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July 30, 1932

Handbook of Tropical Fevers.

JAMA. 1932;99(5):414-415. doi:10.1001/jama.1932.02740570060042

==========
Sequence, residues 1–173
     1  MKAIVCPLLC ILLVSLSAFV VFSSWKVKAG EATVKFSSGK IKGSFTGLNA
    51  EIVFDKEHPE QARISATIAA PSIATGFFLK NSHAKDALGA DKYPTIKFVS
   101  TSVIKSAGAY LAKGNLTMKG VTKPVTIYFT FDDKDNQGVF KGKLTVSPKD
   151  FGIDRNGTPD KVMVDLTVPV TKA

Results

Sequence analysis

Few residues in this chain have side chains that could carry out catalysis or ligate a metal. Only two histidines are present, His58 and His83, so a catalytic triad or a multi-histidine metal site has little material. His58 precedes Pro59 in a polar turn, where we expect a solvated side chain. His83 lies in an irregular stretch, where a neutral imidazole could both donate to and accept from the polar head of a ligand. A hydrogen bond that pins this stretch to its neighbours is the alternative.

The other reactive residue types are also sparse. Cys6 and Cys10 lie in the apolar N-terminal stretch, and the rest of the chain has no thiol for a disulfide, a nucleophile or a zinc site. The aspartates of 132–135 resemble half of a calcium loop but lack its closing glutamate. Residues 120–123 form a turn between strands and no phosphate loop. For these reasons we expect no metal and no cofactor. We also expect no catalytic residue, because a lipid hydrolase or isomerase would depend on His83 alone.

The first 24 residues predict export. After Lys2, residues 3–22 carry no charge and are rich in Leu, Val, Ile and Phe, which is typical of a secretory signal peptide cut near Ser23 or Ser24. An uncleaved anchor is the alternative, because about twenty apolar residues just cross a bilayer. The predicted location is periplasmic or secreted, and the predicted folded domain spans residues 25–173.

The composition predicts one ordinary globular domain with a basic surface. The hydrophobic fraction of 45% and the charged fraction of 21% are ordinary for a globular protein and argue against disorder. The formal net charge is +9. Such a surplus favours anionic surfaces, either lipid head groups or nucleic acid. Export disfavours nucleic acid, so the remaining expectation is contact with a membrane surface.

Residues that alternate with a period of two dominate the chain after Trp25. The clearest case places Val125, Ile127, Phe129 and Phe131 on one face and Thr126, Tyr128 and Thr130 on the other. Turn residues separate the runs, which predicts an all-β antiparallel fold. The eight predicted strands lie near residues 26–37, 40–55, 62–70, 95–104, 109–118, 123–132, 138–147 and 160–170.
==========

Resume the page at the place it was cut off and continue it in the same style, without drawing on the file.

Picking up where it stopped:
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One reads this volume with mixed feelings. Many parts of it are excellent, especially the introductory chapter on diagnostic routine in the presence of fever, and on unclassified fevers. This chapter could have been expanded with advantage into a full and meaty discussion, including detailed review of tropical changes in cosmopolitan fevers. The same may be said for the excellent section on malarial prophylaxis and on the epidemiology of plague, as well as the entire discussion of plague. In spite of these admirable sections, one is inclined to feel that the purpose of the book has not been fulfilled. The preface designs the book for the student who needs a sound knowledge of the basic facts of tropical disease. The subject matter is not sufficiently extensive and the treatment not sufficiently comprehensive to meet this object. In the second place, it is designed for practitioners in the tropics. The same